In 1804, Frenchman Nicolas François Apper invented an unusual way of preserving meat products. The boiled meat was placed in a dish heated to a temperature of 110-115 degrees. A small hole was left, which was sealed after the product cooled down. The invention of the Frenchman made it possible to preserve meat for a long time. Napoleon himself awarded Upper the title of "Benefactor of Humanity".
The growth of the urban population at the beginning of the 19th century required the ability to supply citizens with food that did not deteriorate during delivery and storage. Upper's method was very timely. The invention spread rapidly throughout the world. For example, the British, who bought a manufacturing patent, set about improving the process. The meat was packed in cans and hermetically sealed. Soon, a similar method began to be used in Germany and the United States. It should be noted that at that time stew was a rather expensive product, inaccessible to ordinary people.
Already in the second half of the 19th century, canned food was produced in a huge range, and competition began between numerous manufacturing firms. The production process was mechanized, which led to lower prices. Large-scale wars of that time significantly increased the demand for shelf-stable products.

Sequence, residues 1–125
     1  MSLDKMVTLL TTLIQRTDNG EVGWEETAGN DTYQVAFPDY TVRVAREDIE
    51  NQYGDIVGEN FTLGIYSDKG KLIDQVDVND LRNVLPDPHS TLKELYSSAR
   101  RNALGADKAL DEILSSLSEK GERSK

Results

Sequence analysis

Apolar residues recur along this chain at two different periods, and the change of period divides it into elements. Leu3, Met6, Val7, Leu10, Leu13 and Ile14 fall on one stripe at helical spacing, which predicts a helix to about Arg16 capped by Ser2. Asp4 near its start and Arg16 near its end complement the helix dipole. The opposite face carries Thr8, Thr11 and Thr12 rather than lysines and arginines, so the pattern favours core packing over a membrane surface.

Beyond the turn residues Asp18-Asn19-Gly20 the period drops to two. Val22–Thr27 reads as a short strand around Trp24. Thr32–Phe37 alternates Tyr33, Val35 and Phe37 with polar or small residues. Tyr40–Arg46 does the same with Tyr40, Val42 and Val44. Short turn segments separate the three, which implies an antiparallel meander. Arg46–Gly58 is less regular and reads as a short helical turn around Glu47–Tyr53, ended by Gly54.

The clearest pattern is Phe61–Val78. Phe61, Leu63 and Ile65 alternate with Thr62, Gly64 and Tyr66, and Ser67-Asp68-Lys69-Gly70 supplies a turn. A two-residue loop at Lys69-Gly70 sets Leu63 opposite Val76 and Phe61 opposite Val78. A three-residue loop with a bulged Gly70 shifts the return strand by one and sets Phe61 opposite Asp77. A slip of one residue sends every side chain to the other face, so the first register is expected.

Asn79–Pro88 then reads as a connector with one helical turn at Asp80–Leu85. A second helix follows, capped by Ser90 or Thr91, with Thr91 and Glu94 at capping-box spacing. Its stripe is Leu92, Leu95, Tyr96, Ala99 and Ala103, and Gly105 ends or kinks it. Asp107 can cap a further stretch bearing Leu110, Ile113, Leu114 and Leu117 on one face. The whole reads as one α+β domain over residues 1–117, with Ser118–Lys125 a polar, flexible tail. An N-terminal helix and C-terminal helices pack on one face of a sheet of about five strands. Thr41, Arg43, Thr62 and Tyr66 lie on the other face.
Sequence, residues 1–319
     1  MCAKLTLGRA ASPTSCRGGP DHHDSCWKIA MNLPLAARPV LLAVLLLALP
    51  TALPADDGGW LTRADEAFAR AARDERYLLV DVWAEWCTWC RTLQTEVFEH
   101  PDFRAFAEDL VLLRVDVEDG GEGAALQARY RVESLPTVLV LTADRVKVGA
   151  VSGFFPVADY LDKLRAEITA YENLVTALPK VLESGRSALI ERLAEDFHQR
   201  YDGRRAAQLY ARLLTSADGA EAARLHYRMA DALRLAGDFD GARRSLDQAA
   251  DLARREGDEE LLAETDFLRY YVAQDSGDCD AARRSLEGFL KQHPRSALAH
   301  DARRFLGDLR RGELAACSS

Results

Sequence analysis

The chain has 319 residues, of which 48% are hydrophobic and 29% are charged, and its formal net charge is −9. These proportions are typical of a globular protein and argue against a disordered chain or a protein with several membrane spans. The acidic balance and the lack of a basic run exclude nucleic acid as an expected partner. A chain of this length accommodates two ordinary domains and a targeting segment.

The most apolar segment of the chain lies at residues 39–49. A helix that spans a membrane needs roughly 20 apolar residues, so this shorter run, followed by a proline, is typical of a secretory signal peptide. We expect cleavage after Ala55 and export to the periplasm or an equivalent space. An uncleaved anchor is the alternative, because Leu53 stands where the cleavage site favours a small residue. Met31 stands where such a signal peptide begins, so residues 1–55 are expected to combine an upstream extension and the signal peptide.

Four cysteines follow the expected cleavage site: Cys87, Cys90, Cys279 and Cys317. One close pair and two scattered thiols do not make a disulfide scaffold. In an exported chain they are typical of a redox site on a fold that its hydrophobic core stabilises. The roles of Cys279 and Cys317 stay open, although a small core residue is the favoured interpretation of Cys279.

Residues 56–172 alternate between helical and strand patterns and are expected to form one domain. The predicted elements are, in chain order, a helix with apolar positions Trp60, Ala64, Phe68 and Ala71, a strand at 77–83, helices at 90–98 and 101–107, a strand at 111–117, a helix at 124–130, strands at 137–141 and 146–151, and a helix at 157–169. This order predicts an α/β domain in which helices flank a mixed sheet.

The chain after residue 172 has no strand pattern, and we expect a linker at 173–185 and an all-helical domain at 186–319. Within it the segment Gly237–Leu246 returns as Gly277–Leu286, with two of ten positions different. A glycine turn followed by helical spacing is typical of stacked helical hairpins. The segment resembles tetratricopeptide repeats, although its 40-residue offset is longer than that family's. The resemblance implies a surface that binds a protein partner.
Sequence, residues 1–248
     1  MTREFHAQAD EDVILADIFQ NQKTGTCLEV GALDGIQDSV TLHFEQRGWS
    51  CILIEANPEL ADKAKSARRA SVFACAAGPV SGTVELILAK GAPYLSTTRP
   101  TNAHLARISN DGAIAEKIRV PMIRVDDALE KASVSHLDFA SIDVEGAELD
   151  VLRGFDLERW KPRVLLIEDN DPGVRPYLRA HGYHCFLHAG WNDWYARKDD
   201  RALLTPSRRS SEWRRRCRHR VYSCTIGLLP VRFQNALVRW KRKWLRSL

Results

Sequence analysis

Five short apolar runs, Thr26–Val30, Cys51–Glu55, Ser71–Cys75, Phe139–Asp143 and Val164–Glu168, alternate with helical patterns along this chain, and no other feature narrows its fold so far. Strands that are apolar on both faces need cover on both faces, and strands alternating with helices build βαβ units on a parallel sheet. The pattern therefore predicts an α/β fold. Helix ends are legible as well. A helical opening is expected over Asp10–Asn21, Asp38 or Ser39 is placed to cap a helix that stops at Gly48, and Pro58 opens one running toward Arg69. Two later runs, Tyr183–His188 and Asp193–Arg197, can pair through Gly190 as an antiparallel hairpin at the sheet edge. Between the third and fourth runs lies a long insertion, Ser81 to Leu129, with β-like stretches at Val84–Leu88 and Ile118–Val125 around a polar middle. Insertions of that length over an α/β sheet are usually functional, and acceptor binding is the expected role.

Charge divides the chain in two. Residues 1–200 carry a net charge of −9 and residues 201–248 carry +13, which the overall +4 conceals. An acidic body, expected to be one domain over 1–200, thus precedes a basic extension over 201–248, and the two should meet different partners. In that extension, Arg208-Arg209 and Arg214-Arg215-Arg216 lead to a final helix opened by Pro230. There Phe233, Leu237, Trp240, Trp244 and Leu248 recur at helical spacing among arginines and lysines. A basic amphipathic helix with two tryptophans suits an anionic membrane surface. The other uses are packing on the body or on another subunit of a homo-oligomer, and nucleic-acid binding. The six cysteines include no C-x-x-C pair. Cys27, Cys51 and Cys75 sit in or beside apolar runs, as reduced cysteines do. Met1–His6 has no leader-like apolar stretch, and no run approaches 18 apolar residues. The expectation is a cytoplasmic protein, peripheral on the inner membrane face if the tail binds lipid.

In our country, the first cannery was opened in 1870. He was in St. Petersburg and produced five types of canned food: fried beef, stew, porridge, meat with peas and pea soup. The army was the main customer, and canned food quickly became the soldier's favorite food.
In 1858, a can opener was invented in the United States and was used by the American army during the Civil War. Before that, canned food had to be opened with a knife, bayonet, or even a shot from a gun.
In 1966, a can of canned meat produced in 1916 was delivered to the All-Union Scientific Research Institute of the Canning Industry. The owner claimed to have received it at the front in the First World War. The analysis showed that the product retained its qualities even after half a century.
An equally surprising incident took place in 1939. A can of canned meat found in the Arctic was opened. It was made in the middle of the 19th century. The analysis of the content, however, was not carried out, but eyewitnesses claimed that the taste of the meat was excellent.
Even in the tsarist army, the daily rate of meat for the lower ranks was one pound. It was this weight that the cans of stew, which was produced for the army, had. In our country, such a measure of weight has not been used for a long time, but many types of stew still weigh 400 g.